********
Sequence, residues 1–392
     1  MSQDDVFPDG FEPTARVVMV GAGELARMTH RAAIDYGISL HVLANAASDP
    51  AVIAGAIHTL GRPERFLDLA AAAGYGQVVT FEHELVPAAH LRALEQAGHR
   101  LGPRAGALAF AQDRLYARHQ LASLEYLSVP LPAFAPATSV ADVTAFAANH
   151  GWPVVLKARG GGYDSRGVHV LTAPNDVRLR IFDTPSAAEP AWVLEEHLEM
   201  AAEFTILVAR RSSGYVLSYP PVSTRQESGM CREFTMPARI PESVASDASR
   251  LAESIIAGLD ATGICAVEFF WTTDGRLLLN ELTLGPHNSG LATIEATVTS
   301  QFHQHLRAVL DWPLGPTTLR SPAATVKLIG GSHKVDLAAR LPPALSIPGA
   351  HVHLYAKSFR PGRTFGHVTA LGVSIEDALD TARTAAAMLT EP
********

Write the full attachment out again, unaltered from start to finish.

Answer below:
Sequence, residues 1–392
     1  MSQDDVFPDG FEPTARVVMV GAGELARMTH RAAIDYGISL HVLANAASDP
    51  AVIAGAIHTL GRPERFLDLA AAAGYGQVVT FEHELVPAAH LRALEQAGHR
   101  LGPRAGALAF AQDRLYARHQ LASLEYLSVP LPAFAPATSV ADVTAFAANH
   151  GWPVVLKARG GGYDSRGVHV LTAPNDVRLR IFDTPSAAEP AWVLEEHLEM
   201  AAEFTILVAR RSSGYVLSYP PVSTRQESGM CREFTMPARI PESVASDASR
   251  LAESIIAGLD ATGICAVEFF WTTDGRLLLN ELTLGPHNSG LATIEATVTS
   301  QFHQHLRAVL DWPLGPTTLR SPAATVKLIG GSHKVDLAAR LPPALSIPGA
   351  HVHLYAKSFR PGRTFGHVTA LGVSIEDALD TARTAAAMLT EP